At least 36 people killed in twin explosions at Istanbul airport


At least 36 people killed in twin explosions at Istanbul airport

Turkish Prime Minister Binali Yildirim has issued a call for national unity, as his country faced a rising death toll from a suicide attack that killed at least 36 people at Istanbul’s Ataturk international airport.

Yildirim, flanked by members of his cabinet, said three suicide bombers arrived by taxi Tuesday evening at the busy airport and opened fire with automatic weapons, shooting randomly at bystanders before detonating explosives as police closed in.

Justice Minister Bekir Bozdag said the attack wounded 147 people.

VOA’s Dorian Jones in Istanbul said one of the bombers detonated his explosives outside the international arrival terminal.

That area is usually packed with people waiting for transportation. The two other attackers are believed to have tried to enter the terminal, which is protected by heavily armed police and X-ray machines.

There was no immediate claim of responsibility. But Yildirim said early evidence pointed to an attack by Islamic State extremists, whom he identified by the Arabic pejorative Daesh. He called the attack “cowardly” and vowed his country would continue to press its fight against extremism.

“Unity will be the best answer to terrorists,” he said.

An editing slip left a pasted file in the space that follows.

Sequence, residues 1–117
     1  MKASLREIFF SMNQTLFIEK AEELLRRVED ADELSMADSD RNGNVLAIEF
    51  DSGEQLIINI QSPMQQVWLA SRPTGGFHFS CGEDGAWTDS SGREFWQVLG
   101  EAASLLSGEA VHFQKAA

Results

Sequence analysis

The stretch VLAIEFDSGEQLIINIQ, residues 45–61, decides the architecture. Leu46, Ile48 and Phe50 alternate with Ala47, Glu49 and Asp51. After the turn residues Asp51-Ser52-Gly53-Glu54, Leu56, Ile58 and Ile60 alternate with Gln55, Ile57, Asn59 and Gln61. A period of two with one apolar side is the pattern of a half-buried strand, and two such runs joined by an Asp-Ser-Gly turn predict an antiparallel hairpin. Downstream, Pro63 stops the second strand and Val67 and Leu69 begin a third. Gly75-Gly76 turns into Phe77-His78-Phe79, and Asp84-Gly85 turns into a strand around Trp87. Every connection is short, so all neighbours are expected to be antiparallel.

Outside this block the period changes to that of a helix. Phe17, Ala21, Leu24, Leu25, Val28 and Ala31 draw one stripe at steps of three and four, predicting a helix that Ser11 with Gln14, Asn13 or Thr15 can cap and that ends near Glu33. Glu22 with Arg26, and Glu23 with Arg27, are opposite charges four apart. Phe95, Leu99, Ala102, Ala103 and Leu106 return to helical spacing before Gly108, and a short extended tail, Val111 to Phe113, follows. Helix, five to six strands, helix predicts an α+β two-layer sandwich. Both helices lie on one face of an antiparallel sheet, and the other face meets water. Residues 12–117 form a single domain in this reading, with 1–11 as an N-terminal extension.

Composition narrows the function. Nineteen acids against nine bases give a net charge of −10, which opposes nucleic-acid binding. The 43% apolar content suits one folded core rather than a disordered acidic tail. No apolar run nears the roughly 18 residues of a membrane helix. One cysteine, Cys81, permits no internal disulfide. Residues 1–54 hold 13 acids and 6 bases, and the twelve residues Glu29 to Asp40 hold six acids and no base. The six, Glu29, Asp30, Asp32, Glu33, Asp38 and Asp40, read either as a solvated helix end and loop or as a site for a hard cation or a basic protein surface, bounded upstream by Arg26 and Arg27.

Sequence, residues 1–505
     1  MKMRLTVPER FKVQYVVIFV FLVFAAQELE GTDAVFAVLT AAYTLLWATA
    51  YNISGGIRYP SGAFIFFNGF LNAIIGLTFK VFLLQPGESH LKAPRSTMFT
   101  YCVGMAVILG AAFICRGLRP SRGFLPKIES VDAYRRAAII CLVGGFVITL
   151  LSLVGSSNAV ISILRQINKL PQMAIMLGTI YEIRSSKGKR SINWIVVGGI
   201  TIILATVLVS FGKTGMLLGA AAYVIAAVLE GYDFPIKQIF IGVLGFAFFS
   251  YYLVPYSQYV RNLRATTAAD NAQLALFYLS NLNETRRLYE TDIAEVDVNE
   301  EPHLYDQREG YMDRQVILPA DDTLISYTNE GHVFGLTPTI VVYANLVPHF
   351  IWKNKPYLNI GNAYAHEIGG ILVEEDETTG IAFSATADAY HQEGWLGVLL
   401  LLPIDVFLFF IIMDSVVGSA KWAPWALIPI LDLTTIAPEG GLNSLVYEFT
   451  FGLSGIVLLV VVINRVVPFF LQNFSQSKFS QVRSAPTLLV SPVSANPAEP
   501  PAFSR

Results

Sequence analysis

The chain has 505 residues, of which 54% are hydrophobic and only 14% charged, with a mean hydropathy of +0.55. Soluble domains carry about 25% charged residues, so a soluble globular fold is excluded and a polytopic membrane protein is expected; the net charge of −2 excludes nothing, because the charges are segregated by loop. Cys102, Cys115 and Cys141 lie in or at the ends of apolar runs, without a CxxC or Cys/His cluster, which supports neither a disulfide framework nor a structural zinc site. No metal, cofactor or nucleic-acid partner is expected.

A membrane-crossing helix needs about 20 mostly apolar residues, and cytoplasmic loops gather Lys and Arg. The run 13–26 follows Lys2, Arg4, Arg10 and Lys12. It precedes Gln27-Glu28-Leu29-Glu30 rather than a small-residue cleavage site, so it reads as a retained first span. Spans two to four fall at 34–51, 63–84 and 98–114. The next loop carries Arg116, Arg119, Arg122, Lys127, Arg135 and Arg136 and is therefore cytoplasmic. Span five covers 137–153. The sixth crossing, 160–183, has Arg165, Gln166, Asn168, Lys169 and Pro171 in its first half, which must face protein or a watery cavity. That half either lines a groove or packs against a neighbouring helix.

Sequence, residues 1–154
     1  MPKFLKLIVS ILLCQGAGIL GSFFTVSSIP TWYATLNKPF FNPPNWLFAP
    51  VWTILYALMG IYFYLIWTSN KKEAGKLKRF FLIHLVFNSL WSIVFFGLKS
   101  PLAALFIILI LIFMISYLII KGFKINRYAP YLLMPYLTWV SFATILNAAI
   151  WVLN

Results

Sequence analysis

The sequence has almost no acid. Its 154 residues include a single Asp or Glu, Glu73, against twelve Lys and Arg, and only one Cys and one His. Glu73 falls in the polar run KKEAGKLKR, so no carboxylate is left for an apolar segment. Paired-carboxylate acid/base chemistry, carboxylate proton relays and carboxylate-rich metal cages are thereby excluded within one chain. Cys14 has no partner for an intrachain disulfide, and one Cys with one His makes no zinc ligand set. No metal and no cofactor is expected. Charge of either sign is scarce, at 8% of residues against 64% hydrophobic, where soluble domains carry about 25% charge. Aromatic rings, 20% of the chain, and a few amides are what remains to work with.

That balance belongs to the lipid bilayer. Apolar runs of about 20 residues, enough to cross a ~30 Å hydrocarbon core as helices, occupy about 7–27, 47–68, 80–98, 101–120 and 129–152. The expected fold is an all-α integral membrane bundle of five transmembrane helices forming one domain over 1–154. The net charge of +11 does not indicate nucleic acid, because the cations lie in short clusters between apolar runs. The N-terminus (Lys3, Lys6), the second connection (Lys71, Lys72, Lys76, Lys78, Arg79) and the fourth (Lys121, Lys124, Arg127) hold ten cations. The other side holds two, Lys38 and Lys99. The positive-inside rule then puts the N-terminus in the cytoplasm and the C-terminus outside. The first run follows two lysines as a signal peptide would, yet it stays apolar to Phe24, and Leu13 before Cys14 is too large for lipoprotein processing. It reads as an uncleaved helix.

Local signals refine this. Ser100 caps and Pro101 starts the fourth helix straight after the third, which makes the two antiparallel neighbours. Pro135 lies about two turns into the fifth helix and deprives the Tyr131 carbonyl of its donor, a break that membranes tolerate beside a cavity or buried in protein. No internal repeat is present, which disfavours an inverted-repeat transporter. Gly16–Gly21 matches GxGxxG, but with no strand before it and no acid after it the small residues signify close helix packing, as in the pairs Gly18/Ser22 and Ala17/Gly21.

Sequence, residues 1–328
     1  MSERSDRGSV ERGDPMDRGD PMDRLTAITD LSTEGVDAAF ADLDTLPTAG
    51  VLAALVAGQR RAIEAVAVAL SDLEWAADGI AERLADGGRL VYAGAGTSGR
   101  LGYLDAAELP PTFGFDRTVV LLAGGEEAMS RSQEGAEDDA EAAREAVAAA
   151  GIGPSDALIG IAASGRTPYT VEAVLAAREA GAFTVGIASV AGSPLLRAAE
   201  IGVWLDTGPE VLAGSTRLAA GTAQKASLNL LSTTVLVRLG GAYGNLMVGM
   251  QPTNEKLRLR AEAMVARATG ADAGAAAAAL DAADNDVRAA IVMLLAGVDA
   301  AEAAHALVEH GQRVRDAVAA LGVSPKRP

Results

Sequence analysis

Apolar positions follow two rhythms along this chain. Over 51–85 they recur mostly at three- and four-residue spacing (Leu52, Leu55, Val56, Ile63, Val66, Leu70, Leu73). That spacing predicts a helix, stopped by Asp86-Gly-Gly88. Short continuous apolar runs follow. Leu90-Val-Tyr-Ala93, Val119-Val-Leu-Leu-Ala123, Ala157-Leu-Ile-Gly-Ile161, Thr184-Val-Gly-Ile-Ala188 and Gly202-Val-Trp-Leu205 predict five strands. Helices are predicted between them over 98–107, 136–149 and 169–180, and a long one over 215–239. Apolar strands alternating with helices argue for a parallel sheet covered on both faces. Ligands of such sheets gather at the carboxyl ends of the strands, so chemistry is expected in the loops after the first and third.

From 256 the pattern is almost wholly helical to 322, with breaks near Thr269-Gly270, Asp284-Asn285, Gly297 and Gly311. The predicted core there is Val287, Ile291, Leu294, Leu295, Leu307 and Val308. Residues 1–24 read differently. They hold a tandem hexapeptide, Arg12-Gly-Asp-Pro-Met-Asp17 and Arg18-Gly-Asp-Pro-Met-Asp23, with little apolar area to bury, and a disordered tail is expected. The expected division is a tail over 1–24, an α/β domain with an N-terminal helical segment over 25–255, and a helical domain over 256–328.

Islamic State is blamed for two suicide bombings earlier this year in Istanbul targeting foreign tourists.  The group has not claimed responsibility for Tuesday’s attack.

The Kurdish rebel group PKK also has carried out suicide bombings, but it usually targets security forces, as it did this month in an attack on a police bus that killed 11 people.

In the last year, both Ankara and Istanbul have seen scores killed in bombings, blamed both on Islamic State and Kurdish rebels.

The attack triggered a closed session of the Turkish parliament, where opposition leaders were expected to question Justice Minister Bekir Bozdag about details of a recent U.S. travel warning for Turkey.

MPs also were believed to be focusing on whether any security lapses could have contributed to the airport attack.

Ataturk is a major transport hub for international travelers. All flights there were suspended after the attack, but the prime minister said operations had been normalized by early Wednesday.

On Monday, the U.S. State Department had issued a travel advisory for Americans going to Turkey.

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